-- "hold fast to that which is good"

View RogerM's profile

RogerM

764 posts in 1865 days


#6 posted 03-29-2012 11:36 PM

I have used cherry and maple for these applications with excellent results. As noted, even though in a bathroom vanity most of this wood does not see a lot of water. I put 5 coats of polyurethane and a coat of buffed out wax on mine and it is going on 8 years.

-- Roger M, Aiken, SC

View bruc101's profile

bruc101

1077 posts in 3008 days


#7 posted 03-30-2012 02:21 AM

We’ve pretty much used all spices of domestic woods, painted, stained, dyed, and just a clear finish which is a clear lacquer nitro or pre cat…never had any problems and never had any call backs. We always put at least 5 coats of clear lacquer on all of our kitchen and bath cabinets painted, stained or dyed. One of the best clear lacquers on the market is Deft. Lowes sells it for less than 30 bucks a gallon. Lacquer is the norm in commercial cabinet work.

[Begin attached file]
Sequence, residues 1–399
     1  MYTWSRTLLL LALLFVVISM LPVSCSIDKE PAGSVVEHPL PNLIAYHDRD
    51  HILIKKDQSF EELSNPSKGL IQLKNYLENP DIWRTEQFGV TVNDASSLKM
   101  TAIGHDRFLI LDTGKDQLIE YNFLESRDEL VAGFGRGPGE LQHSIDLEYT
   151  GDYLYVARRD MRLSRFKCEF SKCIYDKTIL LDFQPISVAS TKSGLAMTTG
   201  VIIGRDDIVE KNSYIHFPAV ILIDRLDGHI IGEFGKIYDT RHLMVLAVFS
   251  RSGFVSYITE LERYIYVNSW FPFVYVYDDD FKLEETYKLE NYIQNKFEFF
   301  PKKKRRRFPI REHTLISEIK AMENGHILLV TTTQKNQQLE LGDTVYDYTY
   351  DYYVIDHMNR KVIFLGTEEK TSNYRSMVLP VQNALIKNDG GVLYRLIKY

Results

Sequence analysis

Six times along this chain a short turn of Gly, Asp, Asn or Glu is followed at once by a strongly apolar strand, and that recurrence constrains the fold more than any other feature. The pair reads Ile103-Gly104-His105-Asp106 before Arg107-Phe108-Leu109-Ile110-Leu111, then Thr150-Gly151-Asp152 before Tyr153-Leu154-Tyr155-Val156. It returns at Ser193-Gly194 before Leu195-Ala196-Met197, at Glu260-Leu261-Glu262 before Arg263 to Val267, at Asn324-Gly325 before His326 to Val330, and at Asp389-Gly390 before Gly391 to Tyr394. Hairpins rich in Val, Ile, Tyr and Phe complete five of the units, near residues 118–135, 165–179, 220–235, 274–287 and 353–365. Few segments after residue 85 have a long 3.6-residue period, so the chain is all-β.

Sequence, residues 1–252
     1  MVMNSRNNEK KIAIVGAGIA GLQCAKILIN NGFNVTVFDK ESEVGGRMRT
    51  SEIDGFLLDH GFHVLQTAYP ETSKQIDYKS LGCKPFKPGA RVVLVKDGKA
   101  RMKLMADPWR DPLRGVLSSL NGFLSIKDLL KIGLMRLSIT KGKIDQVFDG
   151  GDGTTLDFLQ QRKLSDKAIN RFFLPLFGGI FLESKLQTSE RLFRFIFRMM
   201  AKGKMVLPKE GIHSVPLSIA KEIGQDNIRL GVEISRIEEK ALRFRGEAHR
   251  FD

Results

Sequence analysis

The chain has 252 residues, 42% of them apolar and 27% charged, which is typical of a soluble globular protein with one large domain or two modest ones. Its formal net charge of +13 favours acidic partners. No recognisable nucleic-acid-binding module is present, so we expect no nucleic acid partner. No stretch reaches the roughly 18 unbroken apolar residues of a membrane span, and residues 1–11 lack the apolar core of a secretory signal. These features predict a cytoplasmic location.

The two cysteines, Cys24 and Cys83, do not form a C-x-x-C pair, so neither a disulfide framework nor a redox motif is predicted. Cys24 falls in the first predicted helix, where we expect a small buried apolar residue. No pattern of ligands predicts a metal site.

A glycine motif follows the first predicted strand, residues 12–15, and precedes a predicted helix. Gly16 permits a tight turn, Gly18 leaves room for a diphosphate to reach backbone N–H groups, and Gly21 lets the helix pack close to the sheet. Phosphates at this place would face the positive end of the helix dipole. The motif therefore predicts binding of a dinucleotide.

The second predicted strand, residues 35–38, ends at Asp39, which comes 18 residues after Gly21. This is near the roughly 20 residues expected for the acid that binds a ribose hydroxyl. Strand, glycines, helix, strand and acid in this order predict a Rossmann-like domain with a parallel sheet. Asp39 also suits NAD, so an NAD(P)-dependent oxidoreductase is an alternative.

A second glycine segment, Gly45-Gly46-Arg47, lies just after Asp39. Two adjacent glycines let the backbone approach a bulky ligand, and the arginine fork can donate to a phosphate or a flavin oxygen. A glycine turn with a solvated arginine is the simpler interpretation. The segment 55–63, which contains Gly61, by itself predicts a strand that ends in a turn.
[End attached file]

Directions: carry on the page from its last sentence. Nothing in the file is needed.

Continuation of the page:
-- Bruce Free Plans http://plans.sawmillvalley.org

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Sawkerf

1730 posts in 2535 days


#8 posted 03-30-2012 03:56 AM

Have you considered alder? It is often used in place of cherry when you want the look without the expense.

As for not using plywood, that’s probably overkill. I built lots of bathroom vanities with economy grade, prefinished, maple for the carcass and “pretty wood” for the visible parts.

-- Adversity doesn't build character...................it reveals it.

View Rick M's profile

Rick M

7929 posts in 1846 days


#9 posted 03-30-2012 07:00 AM

more on the red side than the grey/brown side.

Cherry or mahogany, the latter is rot resistant.

-- http://thewoodknack.blogspot.com/